By Vangani, Ruchi et.al.
The ever-growing population of India, along with the increasing competition for water for productive uses in different sectors – especially irrigated agriculture and related local water systems and drainage – poses a challenge in an effort to improve water quality and sanitation. In rural and peri-urban settings, where agriculture is one of the main sources of livelihood, the type of water use in irrigated agriculture has complex interactions with drinking water and sanitation. In particular, the multi-purpose character of irrigation and drainage infrastructure creates several interlinks between water, sanitation (WATSAN) and agriculture and there is a competition for water quantity between domestic water use and irrigated agriculture. This study looks at the determinants of the microbiological quality of stored drinking water among households residing in areas where communities use different types of irrigation water. The study used multiple tube fermentation method ‘Most Probable Number (MPN) technique, a WHO recommended technique, to identify thermotolerant fecal coliforms and E. coli in water in the laboratory (WHO 1993). Overall, we found that the microbiological water quality was poor. The stored water generally had very high levels of Escherichia coli (E. coli) contamination, 80% of the households had water in storage that could not be considered potable as per the World Health Organization (WHO) standards, and 73% of the households were using a contaminated water source. The quality of household storage water was largely unaffected by the major household socioeconomic characteristics, such as wealth, education level or social status. Households using surface water for irrigation had poor drinking water quality, even after controlling for hygiene, behavioral and community variables. Drinking water quality was positively impacted by proper storage and water treatment practices, such as reverse osmosis. Hygiene and sanitation indicators had mixed impacts on the quality of drinking water, and the impacts were largely driven by hygiene behavior rather than infrastructures. Community open defaecation and high village-household density deteriorates household storage water quality.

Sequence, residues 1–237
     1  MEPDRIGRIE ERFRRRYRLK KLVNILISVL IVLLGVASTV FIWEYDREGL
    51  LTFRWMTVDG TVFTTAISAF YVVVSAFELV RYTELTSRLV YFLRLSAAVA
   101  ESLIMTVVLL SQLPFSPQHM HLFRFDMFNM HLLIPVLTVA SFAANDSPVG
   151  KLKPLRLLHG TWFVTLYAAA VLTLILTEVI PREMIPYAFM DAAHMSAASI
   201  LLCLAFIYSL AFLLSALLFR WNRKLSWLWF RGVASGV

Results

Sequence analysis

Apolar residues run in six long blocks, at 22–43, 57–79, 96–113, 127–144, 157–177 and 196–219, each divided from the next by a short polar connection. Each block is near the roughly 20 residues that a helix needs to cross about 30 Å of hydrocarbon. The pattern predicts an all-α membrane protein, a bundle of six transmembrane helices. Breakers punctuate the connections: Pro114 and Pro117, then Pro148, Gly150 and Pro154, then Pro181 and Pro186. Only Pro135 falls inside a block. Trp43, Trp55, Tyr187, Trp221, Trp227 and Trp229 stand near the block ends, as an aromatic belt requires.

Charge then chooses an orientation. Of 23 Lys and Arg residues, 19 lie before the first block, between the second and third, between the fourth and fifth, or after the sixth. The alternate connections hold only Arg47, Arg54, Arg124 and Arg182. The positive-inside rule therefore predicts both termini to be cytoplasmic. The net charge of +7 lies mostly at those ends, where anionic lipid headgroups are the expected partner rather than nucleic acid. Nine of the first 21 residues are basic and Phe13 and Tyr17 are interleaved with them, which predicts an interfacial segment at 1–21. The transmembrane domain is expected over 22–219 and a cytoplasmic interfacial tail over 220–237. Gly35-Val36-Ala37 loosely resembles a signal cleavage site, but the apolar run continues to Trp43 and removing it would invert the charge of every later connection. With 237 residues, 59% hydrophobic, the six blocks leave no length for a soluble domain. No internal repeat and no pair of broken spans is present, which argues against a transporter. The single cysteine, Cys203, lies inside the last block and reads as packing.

Courtesy: AgEcon Search